* * * *
On the morning of the 7th I discovered from the position occupied by Col. Palmer the enemy moving out in strong force on the Salem pike with infantry, cavalry, and artillery. Being fully satisfied that his object was to make battle, I withdrew my forces to the Wilkinson pike, and formed a new line on a more favorable position. The enemy moved boldly forward, driving in my pickets, when the infantry, with the exception of Smith's brigade, from some cause which I cannot explain, made a shameful retreat, losing two pieces of artillery. I seized the colors of the retreating troops and endeavored to rally them, but they could not be moved by any entreaty or appeal to their patriotism. Maj.-Gen. Bate did the same thing, but was equally as unsuccessful as myself. I hurriedly sent Maj. Strange, of my staff, to Brig.-Gen.'s Armstrong and Ross, of Jackson's division, with orders to say to them tat everything depended on their cavalry. They proved themselves equal to the emergency by charging on the enemy, thereby checking his farther advance. I ordered the infantry to retire to Stewart's Creek, while my cavalry encamped during the night at Overall's Creek. The enemy returning to Murfreesborough, I ordered my cavalry to resume its former position.
OR, Ser. I, Vol. 45, pt. I, p. 755.


Tuesday, December 6, 2011

December 6 - Tennessee Civil War Notes

 6, 1861, A letter from home, Frederick Bradford, in Davidson County, to his sons with the 20th Tennessee Regiment
We hear so many conflicting statements of our difficulties, it is difficult to know how this war will terminate, but as our cause is just, I have an abiding faith, with the help God, we will conquer.
Our country is in a powerful mess at this time o­n a count of the Governor having called for all of our private arms and o­ne half of the militia Since the call a good many have volunteered and each militia company is credited with volunteers from it. Therefore, there was but seven to go from our company and several of them have volunteered since....All the rifles and double barrel shotguns have been sold or loaned to the government. I loaned the twin sisters [i.e., his double barreled shot gun] until the end of the war but I never expect to see her again.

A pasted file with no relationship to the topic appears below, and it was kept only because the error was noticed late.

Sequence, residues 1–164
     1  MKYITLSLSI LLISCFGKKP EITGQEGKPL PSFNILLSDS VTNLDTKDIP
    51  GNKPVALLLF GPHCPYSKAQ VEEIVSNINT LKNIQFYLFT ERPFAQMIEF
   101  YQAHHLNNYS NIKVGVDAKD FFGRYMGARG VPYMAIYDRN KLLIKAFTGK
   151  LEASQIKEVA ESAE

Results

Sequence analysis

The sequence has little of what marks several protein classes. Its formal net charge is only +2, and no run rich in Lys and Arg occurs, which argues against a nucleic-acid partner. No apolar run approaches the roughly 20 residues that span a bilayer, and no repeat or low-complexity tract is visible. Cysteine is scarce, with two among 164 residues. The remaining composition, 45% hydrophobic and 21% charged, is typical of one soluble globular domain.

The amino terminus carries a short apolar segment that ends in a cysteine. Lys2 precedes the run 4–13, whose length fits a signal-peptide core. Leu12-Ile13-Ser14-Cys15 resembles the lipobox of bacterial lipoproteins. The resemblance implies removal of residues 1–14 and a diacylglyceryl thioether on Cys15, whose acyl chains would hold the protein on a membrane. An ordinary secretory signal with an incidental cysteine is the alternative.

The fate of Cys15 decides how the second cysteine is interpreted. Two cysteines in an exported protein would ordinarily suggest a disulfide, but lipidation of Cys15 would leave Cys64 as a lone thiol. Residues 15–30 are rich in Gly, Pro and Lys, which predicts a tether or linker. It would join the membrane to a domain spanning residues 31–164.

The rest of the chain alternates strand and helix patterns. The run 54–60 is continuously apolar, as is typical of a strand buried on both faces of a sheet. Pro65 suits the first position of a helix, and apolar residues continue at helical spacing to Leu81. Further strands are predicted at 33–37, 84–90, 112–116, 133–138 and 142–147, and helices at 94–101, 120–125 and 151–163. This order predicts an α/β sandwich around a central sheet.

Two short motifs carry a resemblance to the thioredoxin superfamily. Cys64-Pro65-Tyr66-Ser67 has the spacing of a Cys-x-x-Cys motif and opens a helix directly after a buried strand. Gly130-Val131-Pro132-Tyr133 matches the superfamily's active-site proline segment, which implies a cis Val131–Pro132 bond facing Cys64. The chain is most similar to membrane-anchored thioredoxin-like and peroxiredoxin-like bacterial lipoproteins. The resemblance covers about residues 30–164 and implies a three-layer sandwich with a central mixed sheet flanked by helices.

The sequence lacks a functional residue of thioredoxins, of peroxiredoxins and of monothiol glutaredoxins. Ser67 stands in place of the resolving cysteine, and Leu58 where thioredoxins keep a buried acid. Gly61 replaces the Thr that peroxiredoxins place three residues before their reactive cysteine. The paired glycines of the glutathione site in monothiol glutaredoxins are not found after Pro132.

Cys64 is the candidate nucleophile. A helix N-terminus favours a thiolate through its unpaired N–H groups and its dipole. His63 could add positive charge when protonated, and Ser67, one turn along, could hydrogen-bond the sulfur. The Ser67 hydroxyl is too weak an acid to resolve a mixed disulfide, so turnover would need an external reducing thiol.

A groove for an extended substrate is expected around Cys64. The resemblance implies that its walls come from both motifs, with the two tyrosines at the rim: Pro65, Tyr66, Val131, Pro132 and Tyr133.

I had no idea until the militia was called that we had so many afflicted persons in our community. The lame and the blind, the halt and the deaf, and indeed almost every disease the human family is heir to have presented themselves to the surgeons for certificates of exemption. [emphasis added] I fear this calling of the militia is rather a bad move. I think three months' volunteers would have been preferable.
There is very little news, except war news and not much of that, that can be relied o­n.
The neighborhood is generally healthy. Crops are good and everything high. Corn is selling from 3.50 to 4.00 per bushel. Potatoes are 1.00 per bushel. Pork from 10 to 12 1/2 cents per pound. Salt is selling $12.00 to $14.00 per sack, Barrel salt from #.50 to $4.00 per bushel, coffee $1.00 to $1.50 per pound and everything and everything else in proportion.
We are not using much coffee in this neighborhood, a good deal of wheat and rye are used in its stead. We have had a very wet fall. I have not gathered more than half of my corn. I expect to have four hundred barrels to sell. I have killed thirty hogs, which weighed 5470 pounds. I have twenty-seven shoats to kill which will weigh 100 [sic] apiece. If we could have an honorable peace, we could live well. Your uncle Skelt....will start his distillery soon.
Frederick Bradford Papers, TSLA